Credit: (Image: Chair of Molecular Infection Biology II / University of Wuerzburg / SCIGRAPHIX)
More than half of the world’s population carries the bacterium Helicobacter pylori in their stomach mucosa. It often causes no problems throughout life, but sometimes it can cause inflammation, and in some cases, it can even lead to the development of stomach cancer.
Helicobacter pylori uses several “virulence” factors that allow it to survive in the stomach and can lead to the development of disease. In this issue of the journal Molecular Cell, Professor Cynthia Sharma’s research team report that multiple of these factors are centrally regulated by a small RNA molecule called NikS. Prof. Sharma heads the Chair for Molecular Infection Biology II at Julius-Maximilians-Universität (JMU) Würzburg in Bavaria, Germany.
Among the target genes regulated by NikS are the two most important virulence factors of Helicobacter pylori as well as two encoding outer membrane proteins. In particular, the JMU researchers were able to show that NikS regulates the CagA protein, a bacterial oncoprotein that plays a central role in the development of cancer instigated by Helicobacter pylori. In addition, a protein with a so far unknown function that is released into the environment by H. pylori is also under the control of NikS.
The new findings are relevant for medicine and infectious disease research: “With the knowledge of the different functions and underlying molecular mechanisms of this small RNA during infection and the associated bacterial signaling pathways, we can gain new targets for the development of novel antimicrobial strategies,” explains Cynthia Sharma.
Phase variation even in small RNA molecules
The fact that Helicobacter pylori can colonize such a hostile environment as the stomach so successfully is also due to a special genetic strategy: Like other pathogens, H. pylori uses a strategy known as phase variation to adapt as flexibly as possible to changes in its environment. Phase variation means that the bacteria constantly switch expression of a gene at random through genetic mutations, meaning that some bacteria in a population will always be ready to express the important gene when it becomes important – a sort of “bet-hedging” strategy.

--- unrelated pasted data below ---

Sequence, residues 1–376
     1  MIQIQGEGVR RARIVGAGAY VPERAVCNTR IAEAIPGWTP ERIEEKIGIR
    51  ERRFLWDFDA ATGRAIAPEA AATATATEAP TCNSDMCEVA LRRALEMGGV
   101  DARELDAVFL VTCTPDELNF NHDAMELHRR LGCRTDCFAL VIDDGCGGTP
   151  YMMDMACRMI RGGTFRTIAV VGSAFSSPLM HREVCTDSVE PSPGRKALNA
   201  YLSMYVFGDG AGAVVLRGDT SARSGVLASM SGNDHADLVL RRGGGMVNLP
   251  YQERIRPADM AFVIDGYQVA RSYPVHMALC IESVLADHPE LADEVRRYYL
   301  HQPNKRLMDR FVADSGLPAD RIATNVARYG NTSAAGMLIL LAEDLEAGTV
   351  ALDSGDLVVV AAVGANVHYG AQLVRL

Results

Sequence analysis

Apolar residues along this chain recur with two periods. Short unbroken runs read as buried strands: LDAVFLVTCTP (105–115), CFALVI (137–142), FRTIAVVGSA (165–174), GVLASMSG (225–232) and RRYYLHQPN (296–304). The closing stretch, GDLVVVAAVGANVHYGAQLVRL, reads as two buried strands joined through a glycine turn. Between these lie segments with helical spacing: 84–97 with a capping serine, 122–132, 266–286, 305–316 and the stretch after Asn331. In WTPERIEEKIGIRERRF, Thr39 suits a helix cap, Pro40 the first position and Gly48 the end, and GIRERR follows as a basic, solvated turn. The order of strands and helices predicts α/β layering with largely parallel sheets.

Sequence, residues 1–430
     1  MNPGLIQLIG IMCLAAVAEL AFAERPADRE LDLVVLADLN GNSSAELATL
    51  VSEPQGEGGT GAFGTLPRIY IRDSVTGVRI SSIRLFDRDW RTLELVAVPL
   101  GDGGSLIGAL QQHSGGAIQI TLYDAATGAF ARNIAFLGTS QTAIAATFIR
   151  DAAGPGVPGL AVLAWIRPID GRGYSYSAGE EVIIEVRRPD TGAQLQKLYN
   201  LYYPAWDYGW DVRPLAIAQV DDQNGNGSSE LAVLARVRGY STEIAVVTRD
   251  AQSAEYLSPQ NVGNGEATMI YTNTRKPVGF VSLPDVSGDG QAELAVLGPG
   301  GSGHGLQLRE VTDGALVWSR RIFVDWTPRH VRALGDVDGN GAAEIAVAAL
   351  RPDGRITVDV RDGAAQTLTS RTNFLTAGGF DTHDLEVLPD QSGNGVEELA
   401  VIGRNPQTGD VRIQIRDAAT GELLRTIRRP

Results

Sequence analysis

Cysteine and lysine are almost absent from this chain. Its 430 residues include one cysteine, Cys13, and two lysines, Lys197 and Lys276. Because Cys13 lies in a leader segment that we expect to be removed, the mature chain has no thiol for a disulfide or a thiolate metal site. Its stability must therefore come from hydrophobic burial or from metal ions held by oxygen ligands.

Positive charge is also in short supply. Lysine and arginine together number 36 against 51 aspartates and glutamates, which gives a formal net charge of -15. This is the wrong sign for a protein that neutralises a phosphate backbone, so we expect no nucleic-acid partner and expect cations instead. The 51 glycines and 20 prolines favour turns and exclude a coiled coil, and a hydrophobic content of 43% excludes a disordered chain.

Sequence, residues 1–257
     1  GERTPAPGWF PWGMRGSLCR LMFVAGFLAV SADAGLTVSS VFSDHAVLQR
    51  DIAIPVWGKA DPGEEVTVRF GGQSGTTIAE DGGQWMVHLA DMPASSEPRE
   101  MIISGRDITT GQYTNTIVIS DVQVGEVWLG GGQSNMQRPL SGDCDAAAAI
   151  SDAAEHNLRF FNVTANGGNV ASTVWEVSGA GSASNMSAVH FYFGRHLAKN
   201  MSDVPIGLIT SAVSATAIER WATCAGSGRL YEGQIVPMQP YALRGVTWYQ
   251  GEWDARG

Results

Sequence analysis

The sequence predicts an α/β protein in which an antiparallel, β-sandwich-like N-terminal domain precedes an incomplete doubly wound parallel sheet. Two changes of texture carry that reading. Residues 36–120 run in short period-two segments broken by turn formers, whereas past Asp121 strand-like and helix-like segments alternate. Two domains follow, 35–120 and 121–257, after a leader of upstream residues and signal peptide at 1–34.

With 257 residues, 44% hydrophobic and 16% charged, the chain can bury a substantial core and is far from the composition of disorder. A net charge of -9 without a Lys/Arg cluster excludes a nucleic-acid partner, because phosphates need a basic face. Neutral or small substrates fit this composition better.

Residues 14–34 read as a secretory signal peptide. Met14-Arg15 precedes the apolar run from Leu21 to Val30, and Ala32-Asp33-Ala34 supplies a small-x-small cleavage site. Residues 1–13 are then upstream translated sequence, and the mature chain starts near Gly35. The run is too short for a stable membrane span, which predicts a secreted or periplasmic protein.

Sharma’s team has now been able to show for the first time that the expression of a small RNA molecule such as NikS, and not just of proteins, can also be subject to phase variation. Depending on the conditions prevailing in the stomach, different amounts of NikS might be beneficial. Levels of the small RNA can change to suit this through phase variation, thereby leading to different regulation of the disease-causing factors.
NikS helps to colonize host cells
“This mechanism could play a major role in enabling Helicobacter pylori to adapt successfully to the variable stomach environment and thus chronically colonize its host,” says Sharma. In experiments, her team was able to show that NikS influences the internalization of the bacteria into host cells. In addition, the small RNA makes it easier for H. pylori to overcome epithelial barriers and, thus, might lead to better access of nutrients in deeper tissues in the stomach.
In further studies, the JMU researchers now aim to find out how the small RNA contributes to the colonization of different niches in the stomach and whether it regulates other genes that might also be involved in the bacterium’s pathogenic properties.
Prof. Dr. Cynthia Sharma
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